Investigation fails to determine cause of fatal UH-60 crash in Germany
By MARK PATTON | STARS AND STRIPES Published: August 3, 2010
WIESBADEN, Germany — An Army investigation into the February crash of a Black Hawk helicopter near Mannheim was unable to determine the cause of the accident that killed three U.S. soldiers.
“There was insufficient evidence to indicate that mechanical malfunction, environmental factors, pilot error or a combination of these factors contributed to the accident,” according to a U.S. Army Europe news release issued Monday evening.
The crash occurred Feb. 3.
The crew of the ill-fated UH-60 flight was conducting routine pilot proficiency training from Stuttgart Army Airfield to Coleman Army Airfield in Mannheim. USAREUR officials say during the approach to Coleman, the aircraft began a rapid descent and made contact with the trees.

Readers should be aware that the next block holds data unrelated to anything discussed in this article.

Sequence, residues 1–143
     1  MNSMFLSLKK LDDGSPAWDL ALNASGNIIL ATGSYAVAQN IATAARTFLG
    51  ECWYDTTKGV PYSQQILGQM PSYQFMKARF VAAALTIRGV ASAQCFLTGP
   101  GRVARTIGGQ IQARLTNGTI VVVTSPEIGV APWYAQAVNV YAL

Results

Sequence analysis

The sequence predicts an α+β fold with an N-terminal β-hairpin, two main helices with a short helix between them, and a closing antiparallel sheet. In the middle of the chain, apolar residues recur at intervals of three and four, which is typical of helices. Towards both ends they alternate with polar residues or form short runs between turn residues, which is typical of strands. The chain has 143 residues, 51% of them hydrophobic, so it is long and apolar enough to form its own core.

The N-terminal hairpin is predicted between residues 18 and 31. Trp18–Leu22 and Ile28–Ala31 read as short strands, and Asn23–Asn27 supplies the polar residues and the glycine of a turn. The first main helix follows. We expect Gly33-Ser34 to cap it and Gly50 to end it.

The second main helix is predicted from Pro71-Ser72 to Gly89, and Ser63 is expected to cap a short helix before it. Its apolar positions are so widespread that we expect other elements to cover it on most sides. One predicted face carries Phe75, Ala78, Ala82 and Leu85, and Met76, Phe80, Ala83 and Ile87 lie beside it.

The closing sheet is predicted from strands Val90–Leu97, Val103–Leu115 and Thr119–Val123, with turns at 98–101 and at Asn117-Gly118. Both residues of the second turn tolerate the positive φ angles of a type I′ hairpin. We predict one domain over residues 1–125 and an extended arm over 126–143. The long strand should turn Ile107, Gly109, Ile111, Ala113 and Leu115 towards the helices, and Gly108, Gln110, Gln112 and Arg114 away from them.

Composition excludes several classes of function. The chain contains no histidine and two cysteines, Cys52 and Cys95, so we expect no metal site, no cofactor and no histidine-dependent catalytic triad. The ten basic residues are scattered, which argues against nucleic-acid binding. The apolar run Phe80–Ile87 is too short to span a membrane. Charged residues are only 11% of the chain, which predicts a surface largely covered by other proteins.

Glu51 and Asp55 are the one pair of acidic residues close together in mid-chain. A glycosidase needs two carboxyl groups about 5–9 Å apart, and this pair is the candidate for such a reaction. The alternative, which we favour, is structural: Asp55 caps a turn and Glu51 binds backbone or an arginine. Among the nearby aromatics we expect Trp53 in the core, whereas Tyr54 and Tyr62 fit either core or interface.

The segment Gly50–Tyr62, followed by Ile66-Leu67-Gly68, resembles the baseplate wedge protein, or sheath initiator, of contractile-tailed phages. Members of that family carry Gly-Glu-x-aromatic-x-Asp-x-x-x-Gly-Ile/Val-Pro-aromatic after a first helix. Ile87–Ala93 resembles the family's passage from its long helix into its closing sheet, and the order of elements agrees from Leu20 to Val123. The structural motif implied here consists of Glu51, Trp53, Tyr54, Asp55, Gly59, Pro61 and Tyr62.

At the time of the crash, it was raining heavily and visibility below the clouds was about one mile, according to a German weather service spokesman.
According to USAREUR spokeswoman Hilde Patton, families of the victims were informed of the investigation results over the past few weeks. USAREUR officials did not release the full investigation, called a 15-6, on Tuesday.
Killed in the crash were Warrant Officer 3 Gary M. Farwell, 39; Chief Warrant Officer 2 Clayton M. Hickman, 32; and Cpl. Matthew E. Clark, 25. All three were assigned to the Stuttgart-based Company G, 52nd Regiment, 1st Battalion, 214th Aviation Regiment, 12th Combat Aviation Brigade.